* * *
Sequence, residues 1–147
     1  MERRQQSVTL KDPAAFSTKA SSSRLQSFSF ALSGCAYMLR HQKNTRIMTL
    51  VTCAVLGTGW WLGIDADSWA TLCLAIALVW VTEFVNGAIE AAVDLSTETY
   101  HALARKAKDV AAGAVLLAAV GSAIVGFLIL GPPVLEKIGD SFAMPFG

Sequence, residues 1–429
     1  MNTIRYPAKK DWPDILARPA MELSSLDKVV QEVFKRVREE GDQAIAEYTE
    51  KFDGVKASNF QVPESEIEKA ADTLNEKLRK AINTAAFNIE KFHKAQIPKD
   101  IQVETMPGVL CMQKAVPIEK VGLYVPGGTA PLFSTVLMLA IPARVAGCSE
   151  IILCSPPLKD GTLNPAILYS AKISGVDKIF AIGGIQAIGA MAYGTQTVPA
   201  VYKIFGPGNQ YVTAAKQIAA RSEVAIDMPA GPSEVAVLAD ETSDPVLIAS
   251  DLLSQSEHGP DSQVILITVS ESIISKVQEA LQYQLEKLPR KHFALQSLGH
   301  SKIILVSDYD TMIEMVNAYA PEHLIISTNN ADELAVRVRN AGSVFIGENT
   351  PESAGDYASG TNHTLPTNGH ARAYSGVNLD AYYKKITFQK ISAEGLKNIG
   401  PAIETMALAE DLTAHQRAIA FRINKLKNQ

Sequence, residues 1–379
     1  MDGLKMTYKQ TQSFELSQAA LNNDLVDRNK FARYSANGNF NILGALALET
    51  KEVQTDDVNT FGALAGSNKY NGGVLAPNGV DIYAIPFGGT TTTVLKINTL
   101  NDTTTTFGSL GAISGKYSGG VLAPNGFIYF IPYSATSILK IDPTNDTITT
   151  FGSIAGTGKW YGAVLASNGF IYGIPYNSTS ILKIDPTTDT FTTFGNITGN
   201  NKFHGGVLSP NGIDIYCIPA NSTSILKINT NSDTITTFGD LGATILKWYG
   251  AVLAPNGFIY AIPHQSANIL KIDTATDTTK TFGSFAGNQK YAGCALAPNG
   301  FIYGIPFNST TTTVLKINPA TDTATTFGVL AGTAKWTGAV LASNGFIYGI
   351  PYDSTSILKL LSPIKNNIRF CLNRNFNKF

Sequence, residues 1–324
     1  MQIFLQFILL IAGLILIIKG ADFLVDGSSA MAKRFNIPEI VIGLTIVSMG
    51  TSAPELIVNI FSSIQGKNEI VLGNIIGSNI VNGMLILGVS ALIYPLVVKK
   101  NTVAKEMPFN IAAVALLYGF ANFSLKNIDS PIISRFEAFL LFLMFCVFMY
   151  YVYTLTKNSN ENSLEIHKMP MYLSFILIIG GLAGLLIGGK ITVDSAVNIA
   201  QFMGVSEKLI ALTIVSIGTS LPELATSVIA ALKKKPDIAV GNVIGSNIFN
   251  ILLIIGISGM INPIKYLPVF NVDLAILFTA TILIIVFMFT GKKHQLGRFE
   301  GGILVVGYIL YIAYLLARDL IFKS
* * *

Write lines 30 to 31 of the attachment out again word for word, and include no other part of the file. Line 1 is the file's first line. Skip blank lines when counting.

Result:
   251  ILLIIGISGM INPIKYLPVF NVDLAILFTA TILIIVFMFT GKKHQLGRFE
   301  GGILVVGYIL YIAYLLARDL IFKS